The hyperfine structure of cesium

Today in the lab of atomic spectra we built a setup for observing the hyperfine structure of cesium. It is a big deal for atomic clocks as they use this transition to “tick”. It is also a very very tiny and fine effect (as its name suggests) so it’s pretty exciting that we can see it with such simple setup.

First, here is a brief description of atomic structure notation. The source of the text and picture is

The electrostatic attraction between the electron and the nucleus could be described by the principal quantum number, n. The combination of l and s gives an electron’s total angular momentum, J. Magnetic coupling between the electron’s orbit and spin causes an energy splitting between levels with different J called the fine structure. The fine structure is split again into the hyperfine structure denoted by the letter F. The hyperfine structure is due to a magnetic coupling between the electron’s total angular momentum, J, and the nuclear spin, I.

In order to observe the hyperfine structure, i. e. the two distinct energy levels at F=3 and F=4, and to measure the frequency difference between them, we carried out the following experiment.

The concept is to set the laser generation exactly at the wavelengths of absorption of cesium (they are two known peaks around 895 nm). For this we use an IR laser diode and we can modulate its wavelength by changing the temperature and the supplying (triangular) current. We are thus “scanning” the laser. In order to ensure the scan is smooth – that is, the laser doesn’t “jump” from one mode to another, we add an interferometer Fabri-Perot (IFP) which also serves as an etalon for the frequencies.


So we have the laser diode, connected to a thermoregulator and powered with triangular current, which is monitored on the oscilloscope screen. The beamsplitter sends the laser beam through the interferometer and the output is detected by a photodiode, hooked to the oscilloscope. The other part of the beam is reflected by a mirror in such manner that it passes through a glass case with cesium inside. The output is again recorded with a photodiode and displayed on the oscilloscope screen.

Finally, at the right adjustment of the scan, we get our lovely hyperfine structure:

Screen Capture

Green signal is the current, yellow is the interferometer signal and blue is cesium signal with the energy level splitting

The only thing left is to process the data we recorded with the oscilloscope and plot it. Now, to find out what is the frequency difference, we’ll need two things: the FSR (free spectral range) of the interferometer and the number of peaks of the IFP signal between the two cesium split levels. The FSR = c/4L, where L is the length of the IFP and in our case 0,2 m. Thus, the FSR is 375 MHz.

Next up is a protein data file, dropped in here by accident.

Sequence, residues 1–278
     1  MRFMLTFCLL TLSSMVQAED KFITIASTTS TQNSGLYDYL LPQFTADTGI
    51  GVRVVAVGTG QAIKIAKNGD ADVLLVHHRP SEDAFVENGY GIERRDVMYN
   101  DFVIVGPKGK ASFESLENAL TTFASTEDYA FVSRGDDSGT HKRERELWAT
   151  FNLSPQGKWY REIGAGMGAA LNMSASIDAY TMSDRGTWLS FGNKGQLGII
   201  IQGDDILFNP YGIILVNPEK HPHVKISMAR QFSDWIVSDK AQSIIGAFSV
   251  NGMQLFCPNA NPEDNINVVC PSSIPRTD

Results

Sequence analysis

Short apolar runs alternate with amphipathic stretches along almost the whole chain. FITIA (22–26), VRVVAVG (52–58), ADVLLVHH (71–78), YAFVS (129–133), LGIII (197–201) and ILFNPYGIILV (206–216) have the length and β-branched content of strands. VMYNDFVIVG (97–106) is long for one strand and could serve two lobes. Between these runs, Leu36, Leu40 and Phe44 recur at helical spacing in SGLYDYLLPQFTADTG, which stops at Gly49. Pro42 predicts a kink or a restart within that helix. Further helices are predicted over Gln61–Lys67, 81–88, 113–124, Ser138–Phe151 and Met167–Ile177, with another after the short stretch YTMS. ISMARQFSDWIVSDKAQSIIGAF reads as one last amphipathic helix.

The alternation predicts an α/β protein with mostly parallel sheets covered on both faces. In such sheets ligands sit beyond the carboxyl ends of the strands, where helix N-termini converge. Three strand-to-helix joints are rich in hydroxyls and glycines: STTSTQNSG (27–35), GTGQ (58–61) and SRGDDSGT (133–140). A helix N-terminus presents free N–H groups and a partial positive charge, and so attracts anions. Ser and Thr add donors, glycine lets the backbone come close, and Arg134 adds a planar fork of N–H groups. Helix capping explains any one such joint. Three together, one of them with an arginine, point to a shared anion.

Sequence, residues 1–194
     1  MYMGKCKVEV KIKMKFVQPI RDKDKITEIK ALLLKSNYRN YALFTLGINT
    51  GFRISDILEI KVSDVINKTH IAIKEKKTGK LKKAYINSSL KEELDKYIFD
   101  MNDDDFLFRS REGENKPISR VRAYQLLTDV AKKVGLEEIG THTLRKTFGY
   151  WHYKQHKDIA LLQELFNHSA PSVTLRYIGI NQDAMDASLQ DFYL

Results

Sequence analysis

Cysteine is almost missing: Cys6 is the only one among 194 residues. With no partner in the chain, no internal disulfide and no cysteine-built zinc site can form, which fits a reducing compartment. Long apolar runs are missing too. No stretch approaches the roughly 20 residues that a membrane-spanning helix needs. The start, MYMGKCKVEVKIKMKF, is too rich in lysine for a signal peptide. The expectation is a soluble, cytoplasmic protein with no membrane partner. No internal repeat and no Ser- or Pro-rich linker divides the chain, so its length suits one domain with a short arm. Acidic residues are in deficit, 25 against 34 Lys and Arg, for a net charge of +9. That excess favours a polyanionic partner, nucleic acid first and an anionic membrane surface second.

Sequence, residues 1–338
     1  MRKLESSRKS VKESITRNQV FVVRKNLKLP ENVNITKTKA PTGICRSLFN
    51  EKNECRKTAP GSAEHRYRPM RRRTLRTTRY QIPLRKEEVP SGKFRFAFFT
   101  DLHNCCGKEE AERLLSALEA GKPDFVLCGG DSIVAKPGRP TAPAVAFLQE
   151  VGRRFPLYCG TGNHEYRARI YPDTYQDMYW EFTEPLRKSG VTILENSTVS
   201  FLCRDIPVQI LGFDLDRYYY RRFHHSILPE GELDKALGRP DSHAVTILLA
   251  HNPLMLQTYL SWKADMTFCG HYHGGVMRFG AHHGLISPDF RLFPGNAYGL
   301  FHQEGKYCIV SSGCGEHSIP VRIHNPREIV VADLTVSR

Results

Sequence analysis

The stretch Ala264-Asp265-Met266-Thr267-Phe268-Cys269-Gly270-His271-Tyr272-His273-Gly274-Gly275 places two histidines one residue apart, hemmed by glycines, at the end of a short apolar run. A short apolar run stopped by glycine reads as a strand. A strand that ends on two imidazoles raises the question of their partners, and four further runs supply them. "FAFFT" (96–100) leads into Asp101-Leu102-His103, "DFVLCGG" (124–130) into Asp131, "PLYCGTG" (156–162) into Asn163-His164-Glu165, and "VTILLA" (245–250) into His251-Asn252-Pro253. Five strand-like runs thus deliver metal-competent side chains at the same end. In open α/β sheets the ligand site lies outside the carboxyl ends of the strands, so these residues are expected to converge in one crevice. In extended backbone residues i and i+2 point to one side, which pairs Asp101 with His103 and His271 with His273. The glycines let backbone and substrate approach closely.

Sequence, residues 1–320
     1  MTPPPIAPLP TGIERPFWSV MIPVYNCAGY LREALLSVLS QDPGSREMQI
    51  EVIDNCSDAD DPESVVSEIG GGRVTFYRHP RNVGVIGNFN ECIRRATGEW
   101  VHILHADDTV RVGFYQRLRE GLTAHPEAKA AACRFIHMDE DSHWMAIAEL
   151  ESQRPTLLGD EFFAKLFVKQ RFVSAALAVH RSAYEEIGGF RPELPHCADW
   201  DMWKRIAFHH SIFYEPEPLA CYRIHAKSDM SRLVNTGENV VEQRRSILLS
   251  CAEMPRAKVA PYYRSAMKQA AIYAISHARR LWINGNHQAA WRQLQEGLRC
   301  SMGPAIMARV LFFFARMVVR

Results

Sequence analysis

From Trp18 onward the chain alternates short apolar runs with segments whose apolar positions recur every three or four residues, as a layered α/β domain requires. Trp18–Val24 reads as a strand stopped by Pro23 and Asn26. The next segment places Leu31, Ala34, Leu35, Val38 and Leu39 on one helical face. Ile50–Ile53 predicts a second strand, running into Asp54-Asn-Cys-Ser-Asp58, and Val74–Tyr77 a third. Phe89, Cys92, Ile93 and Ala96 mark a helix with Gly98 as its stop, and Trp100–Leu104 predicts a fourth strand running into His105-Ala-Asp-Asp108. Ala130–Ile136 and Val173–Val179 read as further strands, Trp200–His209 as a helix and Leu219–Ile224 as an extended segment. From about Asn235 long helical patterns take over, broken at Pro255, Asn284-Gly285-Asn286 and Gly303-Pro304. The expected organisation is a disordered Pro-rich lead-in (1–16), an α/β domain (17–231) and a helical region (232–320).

As you see above, I have counted the number of peaks and they are 22. So for our final result, we multiply them and get frequency difference of 8,25 GHz which is close enough to the real one of ~9 GHz, considering how imprecisely the experiment was made and the fact that our IFP was pretty bad. Well, it is possible that I messed up somewhere, I’ll find out in a week. 🙂



  1. Great experiment, also very well structured writing! I wonder in what range could the laser diode’s temperature drift be, maybe the accuracy requirements on the temperature regulator could be quite high to achieve a sub-nm accuracy. I notice the output of the interferometer photodiode has a quite low amplitude (sub-100mV peak-peak) as compared to the Cs sample diode (4V), does the interferometer have such a low transmission coefficient, or maybe it is that there was an amplifier attached to one of the diodes? In any case the last is probably not relevant to the accuracy of the measurement.

    It is very possible that all of my writing above is complete nonsense 🙂

    And this is really fun!


    1. It isn’t nonsense, you’re pretty observant 🙂

      The laser diode changes its wavelength by 0,3 nm/K, the temperature is controlled by a Peltier element and stabilized with a thermistor. Laser diodes can “scan” their wavelength enormously, in this case in an interval of approx. 15 nm (within their recommended working temperature). The only ones that are better at this are dye lasers (and some other kind I forgot), but laser diodes are way cheaper and more compact. Also, there are some temperature values that cannot be achieved as the transition is not continuous, but instead the laser modes change in a discrete manner.

      As for the output amplitudes, I think they are indeed as seen. Our interferometer has a bad reflection coefficient and we had some trouble in order to make sure the beam passes through and ends up in the photodiode. Even the spot seen on the test card (because we humans do not see infrared, of course) was almost unsee-able, whereas in any other part of the beam it was ok. But we worked with what we got, we’re even not supposed to do our exercises in this lab 😀

      Glad you liked it, and it is fun, really!

      Liked by 1 person

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